Greece has a long and storied history of winemaking, dating back thousands of years to ancient times. Today, the Greek wine industry is experiencing a resurgence, with a growing focus on quality and sustainability.

Greece’s diverse climate and terrain create a range of unique terroirs, with vineyards located on steep hillsides, volcanic soil, and coastal regions. Many Greek wines are made from indigenous grape varietals that are not widely grown elsewhere, such as Agiorgitiko, Xinomavro, and Assyrtiko. These grapes have adapted to the Greek climate and terroir over centuries, resulting in distinctive flavors and aromas that set Greek wines apart.

One of the most famous wine regions in Greece is Santorini, located on a volcanic island in the Aegean Sea. Here, the Assyrtiko grape thrives in the hot, dry climate, producing crisp, mineral-driven white wines that are highly sought after by wine enthusiasts. Other notable regions include Naoussa, home to the Xinomavro grape, and Nemea, known for its robust Agiorgitiko-based red wines.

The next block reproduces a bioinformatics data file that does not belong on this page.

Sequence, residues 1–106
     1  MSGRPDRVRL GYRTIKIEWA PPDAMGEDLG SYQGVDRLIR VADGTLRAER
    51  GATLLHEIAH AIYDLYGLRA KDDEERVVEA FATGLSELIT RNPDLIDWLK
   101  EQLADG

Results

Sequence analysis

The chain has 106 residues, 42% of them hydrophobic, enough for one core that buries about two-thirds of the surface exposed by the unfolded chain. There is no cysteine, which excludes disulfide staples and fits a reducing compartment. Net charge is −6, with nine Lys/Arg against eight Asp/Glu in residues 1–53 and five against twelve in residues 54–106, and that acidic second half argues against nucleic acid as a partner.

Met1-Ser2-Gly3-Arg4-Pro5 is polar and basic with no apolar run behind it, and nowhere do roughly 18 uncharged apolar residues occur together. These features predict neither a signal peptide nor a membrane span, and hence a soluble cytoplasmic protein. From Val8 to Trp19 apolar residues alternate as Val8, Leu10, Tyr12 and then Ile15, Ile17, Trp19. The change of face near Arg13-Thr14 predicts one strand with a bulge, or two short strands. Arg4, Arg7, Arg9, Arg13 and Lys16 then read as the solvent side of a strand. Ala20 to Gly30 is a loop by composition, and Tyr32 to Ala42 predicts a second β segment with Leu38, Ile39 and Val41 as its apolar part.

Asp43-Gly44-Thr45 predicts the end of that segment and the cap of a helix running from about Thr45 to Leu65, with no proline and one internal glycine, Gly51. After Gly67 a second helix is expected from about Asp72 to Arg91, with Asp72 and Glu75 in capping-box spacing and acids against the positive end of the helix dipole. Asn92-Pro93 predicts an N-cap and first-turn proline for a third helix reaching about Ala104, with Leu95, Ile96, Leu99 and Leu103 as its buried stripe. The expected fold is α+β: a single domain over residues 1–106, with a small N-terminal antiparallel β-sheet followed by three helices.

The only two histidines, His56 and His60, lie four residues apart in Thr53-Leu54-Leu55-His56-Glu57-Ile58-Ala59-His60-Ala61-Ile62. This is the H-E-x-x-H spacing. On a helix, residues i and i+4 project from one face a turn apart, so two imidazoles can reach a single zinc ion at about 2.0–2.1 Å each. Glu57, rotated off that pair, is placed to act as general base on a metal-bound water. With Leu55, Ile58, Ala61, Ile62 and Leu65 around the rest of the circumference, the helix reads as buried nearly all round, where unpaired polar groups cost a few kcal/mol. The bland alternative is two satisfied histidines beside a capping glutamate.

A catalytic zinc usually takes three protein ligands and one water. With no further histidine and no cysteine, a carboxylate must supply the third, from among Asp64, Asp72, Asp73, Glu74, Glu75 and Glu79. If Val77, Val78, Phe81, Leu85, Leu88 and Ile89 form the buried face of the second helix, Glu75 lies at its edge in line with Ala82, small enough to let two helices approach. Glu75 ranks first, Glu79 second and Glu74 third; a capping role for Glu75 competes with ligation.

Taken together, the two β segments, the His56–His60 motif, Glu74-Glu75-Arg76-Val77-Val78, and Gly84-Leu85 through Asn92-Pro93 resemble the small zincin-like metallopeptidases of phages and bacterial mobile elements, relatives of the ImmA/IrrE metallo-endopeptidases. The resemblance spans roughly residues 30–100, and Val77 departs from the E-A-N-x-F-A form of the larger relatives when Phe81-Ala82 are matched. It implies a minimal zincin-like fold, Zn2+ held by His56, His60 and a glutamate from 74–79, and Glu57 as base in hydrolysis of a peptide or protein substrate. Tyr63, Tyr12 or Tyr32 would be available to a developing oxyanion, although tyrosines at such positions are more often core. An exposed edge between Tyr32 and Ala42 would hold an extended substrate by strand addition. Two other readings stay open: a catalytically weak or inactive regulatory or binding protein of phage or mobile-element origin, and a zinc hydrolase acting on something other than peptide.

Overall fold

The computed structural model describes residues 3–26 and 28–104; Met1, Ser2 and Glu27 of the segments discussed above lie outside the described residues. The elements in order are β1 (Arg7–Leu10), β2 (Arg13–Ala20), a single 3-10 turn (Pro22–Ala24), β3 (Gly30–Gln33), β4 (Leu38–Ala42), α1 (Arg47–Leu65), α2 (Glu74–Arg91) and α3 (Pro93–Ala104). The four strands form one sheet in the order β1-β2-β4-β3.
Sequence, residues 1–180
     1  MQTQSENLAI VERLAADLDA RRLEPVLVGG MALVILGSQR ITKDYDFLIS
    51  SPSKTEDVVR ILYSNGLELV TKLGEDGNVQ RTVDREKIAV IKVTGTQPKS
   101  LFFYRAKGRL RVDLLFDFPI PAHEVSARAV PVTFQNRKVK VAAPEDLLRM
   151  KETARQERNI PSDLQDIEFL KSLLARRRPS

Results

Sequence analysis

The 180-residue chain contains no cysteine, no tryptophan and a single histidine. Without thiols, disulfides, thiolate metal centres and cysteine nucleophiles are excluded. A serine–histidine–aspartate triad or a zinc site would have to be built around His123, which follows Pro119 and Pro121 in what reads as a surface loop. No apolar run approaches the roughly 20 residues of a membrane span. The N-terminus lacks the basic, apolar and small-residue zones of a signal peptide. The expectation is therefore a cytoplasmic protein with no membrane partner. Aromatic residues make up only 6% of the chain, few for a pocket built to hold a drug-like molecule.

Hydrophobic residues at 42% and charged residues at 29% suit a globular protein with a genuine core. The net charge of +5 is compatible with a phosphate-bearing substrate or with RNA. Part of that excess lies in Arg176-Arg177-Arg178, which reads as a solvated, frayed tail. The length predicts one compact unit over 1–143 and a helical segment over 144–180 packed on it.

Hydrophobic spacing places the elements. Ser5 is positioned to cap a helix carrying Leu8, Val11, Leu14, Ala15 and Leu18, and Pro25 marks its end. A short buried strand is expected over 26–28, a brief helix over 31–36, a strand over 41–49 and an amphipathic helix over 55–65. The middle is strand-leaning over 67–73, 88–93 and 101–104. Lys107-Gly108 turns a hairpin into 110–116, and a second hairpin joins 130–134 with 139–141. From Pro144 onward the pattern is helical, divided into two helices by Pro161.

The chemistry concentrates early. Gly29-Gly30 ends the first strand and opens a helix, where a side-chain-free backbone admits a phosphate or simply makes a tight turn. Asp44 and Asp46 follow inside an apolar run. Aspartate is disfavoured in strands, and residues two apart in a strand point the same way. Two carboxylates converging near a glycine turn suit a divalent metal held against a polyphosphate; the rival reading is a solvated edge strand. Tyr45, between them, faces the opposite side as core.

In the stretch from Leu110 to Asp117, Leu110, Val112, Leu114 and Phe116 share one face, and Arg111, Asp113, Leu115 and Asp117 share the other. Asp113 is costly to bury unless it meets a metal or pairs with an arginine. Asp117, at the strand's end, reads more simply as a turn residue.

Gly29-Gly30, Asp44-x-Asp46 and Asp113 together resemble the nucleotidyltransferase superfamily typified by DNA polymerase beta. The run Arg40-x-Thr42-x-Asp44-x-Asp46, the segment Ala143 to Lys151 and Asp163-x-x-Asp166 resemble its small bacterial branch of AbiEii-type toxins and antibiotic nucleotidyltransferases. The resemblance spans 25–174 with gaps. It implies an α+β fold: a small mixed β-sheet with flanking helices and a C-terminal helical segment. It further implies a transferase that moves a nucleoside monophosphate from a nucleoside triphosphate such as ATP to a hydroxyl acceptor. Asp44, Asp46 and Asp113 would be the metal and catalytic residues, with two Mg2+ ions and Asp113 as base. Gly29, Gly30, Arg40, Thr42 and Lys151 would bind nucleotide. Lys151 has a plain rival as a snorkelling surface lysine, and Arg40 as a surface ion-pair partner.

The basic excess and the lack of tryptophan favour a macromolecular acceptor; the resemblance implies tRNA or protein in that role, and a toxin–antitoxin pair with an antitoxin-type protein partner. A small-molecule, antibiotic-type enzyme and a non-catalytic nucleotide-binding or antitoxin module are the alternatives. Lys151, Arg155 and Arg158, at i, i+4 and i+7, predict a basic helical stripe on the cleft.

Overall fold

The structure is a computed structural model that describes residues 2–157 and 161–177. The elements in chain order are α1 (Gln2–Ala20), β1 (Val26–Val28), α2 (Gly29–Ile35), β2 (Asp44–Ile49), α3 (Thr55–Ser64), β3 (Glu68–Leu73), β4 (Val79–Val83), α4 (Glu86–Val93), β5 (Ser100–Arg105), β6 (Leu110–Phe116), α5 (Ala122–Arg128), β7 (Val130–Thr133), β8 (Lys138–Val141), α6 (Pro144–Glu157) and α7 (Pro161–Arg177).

In recent years, Greek winemakers have embraced modern winemaking techniques while still honoring their cultural heritage. Many wineries have turned to organic and biodynamic farming practices, and there is a growing emphasis on sustainability and preserving the unique terroirs of the country’s many wine regions.

Greek wine offers a fascinating glimpse into the country’s rich history and cultural traditions, as well as a taste of some truly unique and delicious wines.